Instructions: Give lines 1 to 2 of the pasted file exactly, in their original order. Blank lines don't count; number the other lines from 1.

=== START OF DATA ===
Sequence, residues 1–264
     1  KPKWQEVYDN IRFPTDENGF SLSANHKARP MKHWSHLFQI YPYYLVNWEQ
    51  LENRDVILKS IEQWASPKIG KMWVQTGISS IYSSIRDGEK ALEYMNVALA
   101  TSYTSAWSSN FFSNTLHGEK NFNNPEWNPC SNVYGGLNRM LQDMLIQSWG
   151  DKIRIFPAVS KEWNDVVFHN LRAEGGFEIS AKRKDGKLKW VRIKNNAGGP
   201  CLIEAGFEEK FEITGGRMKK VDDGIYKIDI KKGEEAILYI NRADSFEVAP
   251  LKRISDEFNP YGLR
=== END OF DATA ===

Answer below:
Sequence, residues 1–264
     1  KPKWQEVYDN IRFPTDENGF SLSANHKARP MKHWSHLFQI YPYYLVNWEQ